We brought a bunch back for the neighbors, who had set up barbecues outside of their houses, and cooked, every day, the stuff that would other be rotting in people’s refrigerators. This is Canada, and it was truly lovely. Anyway, on this particular day, we were standing outside the house where Maud and I lived on the second floor, chatting, and I was holding a tray with four lattes.

All of sudden, the universe ended. That is, the sky fell. That is something flew from above me, landed on my head, hard, hit the lattes, and fell to the ground with the tray. It was Dolly. She’d jumped off of our second-story porch, onto my head. She was OK, and I was OK. It was…a strange thing for her to do. (Maybe Bodhi and Scout, both well at the time, were inside torturing her—I wouldn’t put it past them.)

Anyway. I haven’t talked much about Dolly, except at the beginning of this blog. Since her first trip to Halifax, I’ve become her other mommy, though I doubt that Julia would agree with that, being so completely possessive of that particular being. Still, I’ve taken her to the vet when she had a terrible ear infection (or other kinds of unmentionable infections), and she was too brave for a tiny shih tzu. I’ve shooed away Fat Dave when he’s made her cry. I’ve fallen asleep, many, many times, with her in the crook of my legs, and sometimes even, when it’s thundering, with her shaking and panting on top of my head.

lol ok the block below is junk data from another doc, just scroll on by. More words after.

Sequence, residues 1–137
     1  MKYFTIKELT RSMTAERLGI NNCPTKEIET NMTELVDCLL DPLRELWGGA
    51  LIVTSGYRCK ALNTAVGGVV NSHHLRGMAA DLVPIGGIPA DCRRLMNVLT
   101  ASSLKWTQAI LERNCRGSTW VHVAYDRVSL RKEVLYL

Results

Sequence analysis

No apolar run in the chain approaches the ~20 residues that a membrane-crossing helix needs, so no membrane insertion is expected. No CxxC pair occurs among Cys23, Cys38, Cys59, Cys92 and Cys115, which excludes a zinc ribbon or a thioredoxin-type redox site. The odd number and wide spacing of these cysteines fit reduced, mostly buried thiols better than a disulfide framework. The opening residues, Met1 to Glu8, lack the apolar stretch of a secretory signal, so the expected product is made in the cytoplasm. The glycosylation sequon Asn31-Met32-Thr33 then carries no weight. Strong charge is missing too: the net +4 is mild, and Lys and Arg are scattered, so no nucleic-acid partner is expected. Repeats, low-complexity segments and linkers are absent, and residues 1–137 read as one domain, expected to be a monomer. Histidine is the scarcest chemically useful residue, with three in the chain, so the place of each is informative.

Now I’m warning you. Dolly is unexpectedly very sick. And that’s one reason why I haven’t written. I haven’t known what to say. Like Kevin, she is someone else’s bestfriend. Like Kevin, she is a tiny hero.